Managing a mixed group of introverts and extroverts

We’ve all had experiences in groups where some individuals feel compelled to control the conversation; and others where it is difficult to get anyone to speak. In truth, every group discussion is going to be somewhat dominated by some and not by others. Your job as facilitator is not to assure that every person gets an equal amount of time to speak, but that everyone gets an adequate opportunity to be heard. The best way to overcome an individual who is monopolizing the conversation is to interrupt to ask if anyone else has a different perspective. Don’t discount the monopolizer’s statements, instead add to them with comments from others.

We’ve tried to make this course usable and useful for a broad range of groups and individuals; however, you should feel free to adapt it for your particular group. The only request we would ask that you honor is that you explicitly consider each customization you make to the form, format, or content of the course against a requirement of inclusivity, non-divisiveness, and respect for all people – both those in and out of the course.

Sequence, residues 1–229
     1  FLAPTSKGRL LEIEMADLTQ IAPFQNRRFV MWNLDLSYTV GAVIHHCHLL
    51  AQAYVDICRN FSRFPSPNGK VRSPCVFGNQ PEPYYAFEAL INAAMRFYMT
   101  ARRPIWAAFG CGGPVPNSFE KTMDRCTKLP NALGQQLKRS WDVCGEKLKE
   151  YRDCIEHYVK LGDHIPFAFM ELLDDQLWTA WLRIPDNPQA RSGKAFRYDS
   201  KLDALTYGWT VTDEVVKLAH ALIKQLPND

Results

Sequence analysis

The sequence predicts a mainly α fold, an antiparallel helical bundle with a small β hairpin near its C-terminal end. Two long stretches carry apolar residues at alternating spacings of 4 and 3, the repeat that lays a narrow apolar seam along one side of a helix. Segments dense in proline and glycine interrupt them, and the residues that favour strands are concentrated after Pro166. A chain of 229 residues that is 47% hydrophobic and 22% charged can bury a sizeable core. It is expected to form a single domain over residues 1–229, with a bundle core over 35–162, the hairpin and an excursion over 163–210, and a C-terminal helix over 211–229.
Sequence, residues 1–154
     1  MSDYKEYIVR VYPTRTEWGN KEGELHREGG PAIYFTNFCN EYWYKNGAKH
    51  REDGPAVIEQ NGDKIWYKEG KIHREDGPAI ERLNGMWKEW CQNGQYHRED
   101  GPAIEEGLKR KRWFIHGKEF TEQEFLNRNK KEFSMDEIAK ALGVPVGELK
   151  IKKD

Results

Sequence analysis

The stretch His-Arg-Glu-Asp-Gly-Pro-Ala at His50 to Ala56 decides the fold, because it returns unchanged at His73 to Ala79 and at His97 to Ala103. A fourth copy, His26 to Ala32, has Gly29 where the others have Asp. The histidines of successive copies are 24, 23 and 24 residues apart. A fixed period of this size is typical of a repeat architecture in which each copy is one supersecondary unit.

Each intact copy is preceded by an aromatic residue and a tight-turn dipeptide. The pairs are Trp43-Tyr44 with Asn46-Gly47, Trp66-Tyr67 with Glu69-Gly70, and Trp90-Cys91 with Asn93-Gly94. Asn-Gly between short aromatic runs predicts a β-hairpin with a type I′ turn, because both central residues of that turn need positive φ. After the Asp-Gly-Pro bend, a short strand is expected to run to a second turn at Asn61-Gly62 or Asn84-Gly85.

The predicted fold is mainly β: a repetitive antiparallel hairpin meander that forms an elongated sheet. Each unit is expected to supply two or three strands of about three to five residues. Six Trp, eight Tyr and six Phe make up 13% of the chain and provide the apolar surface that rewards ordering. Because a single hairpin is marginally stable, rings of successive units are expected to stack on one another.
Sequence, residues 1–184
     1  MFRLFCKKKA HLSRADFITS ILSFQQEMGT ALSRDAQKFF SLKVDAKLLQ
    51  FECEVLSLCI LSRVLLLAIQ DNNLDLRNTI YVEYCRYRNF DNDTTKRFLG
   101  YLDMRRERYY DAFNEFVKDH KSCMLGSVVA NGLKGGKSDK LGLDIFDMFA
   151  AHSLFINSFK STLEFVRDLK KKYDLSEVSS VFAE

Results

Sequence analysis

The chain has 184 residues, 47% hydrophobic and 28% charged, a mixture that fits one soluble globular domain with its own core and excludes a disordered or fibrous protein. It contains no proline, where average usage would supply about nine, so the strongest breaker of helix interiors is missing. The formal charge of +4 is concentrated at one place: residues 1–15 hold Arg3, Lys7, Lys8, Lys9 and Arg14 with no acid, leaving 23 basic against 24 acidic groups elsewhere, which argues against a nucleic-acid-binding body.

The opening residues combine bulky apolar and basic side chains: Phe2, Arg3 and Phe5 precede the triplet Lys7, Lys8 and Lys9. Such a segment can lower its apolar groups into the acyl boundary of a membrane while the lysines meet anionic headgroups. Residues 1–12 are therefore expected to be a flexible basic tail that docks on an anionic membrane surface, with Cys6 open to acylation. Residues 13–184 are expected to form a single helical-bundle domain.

Including other media

The selected TED talks were timely and on target when this course was created. However, the beauty of using publicly available presentations is that new stories, new messages, and new presentations are released on a continuous basis.

If this is your first time facilitating the course, please use the curated media. It may not be immediately apparent why a particular TED talk was selected, but trust that it will be revealed in the group discussions and as this course proceeds.

If you do augment or replace the presentations with alternative material, and you find the alternative material worked well with your group, please let us know through the web site. We continually review the course to keep it current, topical, and appropriate. Help us grow this course for all, both in breadth and in depth.

Meeting excessive demand

You may find that your efforts to advertise the course is met with a positive response of more people than you were prepared to handle. Congratulations! We offer two suggestions: